The Conference Board’s consumer confidence index beat expectations in June as states began reopening and unemployment dropped. The index jumped from 85.9 in May to 98.1 in June. Economists polled by Dow Jones predicted that consumer confidence would reach 91.
Unlike most of the indicators we report on here, the consumer confidence index isn’t put out by a government agency. Instead, it’s a survey created by the Conference Board, a nonprofit business research group. Every month, the Conference Board surveys 5,000 households on their assessment of current economic conditions and income expectations six months down the road.
The index is considered a leading indicator by the Organization for Economic Cooperation and Development, meaning that it acts as a warning about future economic conditions, good or bad. If consumers feel optimistic, they’ll spend more money and stimulate the economy. If not, consumption in the United States could slow.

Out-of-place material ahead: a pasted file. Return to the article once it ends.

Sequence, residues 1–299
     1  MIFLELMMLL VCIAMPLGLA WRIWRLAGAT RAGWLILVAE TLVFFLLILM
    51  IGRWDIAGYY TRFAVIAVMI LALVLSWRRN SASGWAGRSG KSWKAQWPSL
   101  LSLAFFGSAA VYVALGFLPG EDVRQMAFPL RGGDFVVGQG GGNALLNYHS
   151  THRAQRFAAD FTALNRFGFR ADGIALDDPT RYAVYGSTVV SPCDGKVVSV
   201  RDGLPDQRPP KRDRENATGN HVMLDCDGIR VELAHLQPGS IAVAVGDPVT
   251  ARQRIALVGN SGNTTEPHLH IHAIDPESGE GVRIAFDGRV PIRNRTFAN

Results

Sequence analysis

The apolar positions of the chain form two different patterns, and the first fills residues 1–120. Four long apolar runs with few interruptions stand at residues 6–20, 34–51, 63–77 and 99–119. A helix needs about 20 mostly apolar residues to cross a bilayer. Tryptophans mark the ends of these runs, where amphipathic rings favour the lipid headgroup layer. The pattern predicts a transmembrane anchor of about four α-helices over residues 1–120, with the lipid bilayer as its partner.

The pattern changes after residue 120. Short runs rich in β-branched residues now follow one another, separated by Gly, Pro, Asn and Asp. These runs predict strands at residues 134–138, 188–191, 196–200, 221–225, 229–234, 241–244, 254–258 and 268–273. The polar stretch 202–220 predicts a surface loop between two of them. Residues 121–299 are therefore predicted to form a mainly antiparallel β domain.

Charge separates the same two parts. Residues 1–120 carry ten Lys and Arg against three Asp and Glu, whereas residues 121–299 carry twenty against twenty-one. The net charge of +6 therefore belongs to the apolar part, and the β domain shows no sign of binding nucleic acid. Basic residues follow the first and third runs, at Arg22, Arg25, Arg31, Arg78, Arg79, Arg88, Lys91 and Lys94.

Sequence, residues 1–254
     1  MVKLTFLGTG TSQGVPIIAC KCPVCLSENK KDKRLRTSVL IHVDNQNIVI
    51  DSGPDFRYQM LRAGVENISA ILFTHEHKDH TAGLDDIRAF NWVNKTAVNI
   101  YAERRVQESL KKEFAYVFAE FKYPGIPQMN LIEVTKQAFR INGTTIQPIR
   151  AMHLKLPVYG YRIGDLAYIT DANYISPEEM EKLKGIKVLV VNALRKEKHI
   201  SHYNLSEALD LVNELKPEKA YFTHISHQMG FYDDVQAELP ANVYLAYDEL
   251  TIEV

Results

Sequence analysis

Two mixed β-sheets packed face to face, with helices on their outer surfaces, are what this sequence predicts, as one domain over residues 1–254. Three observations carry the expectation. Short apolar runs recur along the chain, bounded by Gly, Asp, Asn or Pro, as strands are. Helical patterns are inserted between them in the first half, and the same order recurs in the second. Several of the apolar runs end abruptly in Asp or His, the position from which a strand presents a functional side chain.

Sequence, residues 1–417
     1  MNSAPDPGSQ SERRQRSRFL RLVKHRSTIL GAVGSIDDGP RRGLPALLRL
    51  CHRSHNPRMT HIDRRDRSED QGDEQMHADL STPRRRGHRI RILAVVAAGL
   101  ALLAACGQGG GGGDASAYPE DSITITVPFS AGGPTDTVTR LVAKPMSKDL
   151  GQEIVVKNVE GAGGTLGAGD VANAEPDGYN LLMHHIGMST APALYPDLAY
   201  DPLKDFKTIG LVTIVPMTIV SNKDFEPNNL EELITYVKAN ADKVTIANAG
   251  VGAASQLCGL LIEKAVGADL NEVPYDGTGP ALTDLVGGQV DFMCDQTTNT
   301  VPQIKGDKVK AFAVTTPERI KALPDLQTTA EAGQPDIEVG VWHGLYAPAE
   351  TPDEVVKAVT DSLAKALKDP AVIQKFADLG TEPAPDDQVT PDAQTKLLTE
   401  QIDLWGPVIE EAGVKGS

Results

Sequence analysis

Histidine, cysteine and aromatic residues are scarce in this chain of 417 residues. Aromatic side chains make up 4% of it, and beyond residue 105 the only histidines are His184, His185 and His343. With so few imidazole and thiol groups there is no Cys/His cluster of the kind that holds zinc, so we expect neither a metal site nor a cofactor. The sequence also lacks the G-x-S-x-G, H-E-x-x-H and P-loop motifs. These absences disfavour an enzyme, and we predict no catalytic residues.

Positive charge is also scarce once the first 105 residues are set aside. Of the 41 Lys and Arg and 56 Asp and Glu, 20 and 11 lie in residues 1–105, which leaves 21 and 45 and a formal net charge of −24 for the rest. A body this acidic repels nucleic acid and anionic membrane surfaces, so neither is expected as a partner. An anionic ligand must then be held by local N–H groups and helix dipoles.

The consumer confidence index was 132.6 in February, and then crashed to 120 in March. After continuing to fall in April and May, it saw a three month high in June. The present situation index, a composite of survey responses regarding the current economic situation, also rose from 68.4 in May to 86.2 in June.
Consumer spending makes up over two thirds of economic activity in the United States, and the data suggests that spending is picking up. This (along with several other metrics) indicate that a recovery is underway, after the shortest, but sharpest recession on record.
The question that remains is what the recovery will look like. At first, analysts predicted that economic activity would take on a V shape, with a sharp plummet and equally stark bounce back. Now, things are looking more tenuous. Initial economic growth happened in the context of states reopening and businesses operating again. Now, with a rise in coronavirus cases, the gains in economic activity could be thrown back into question.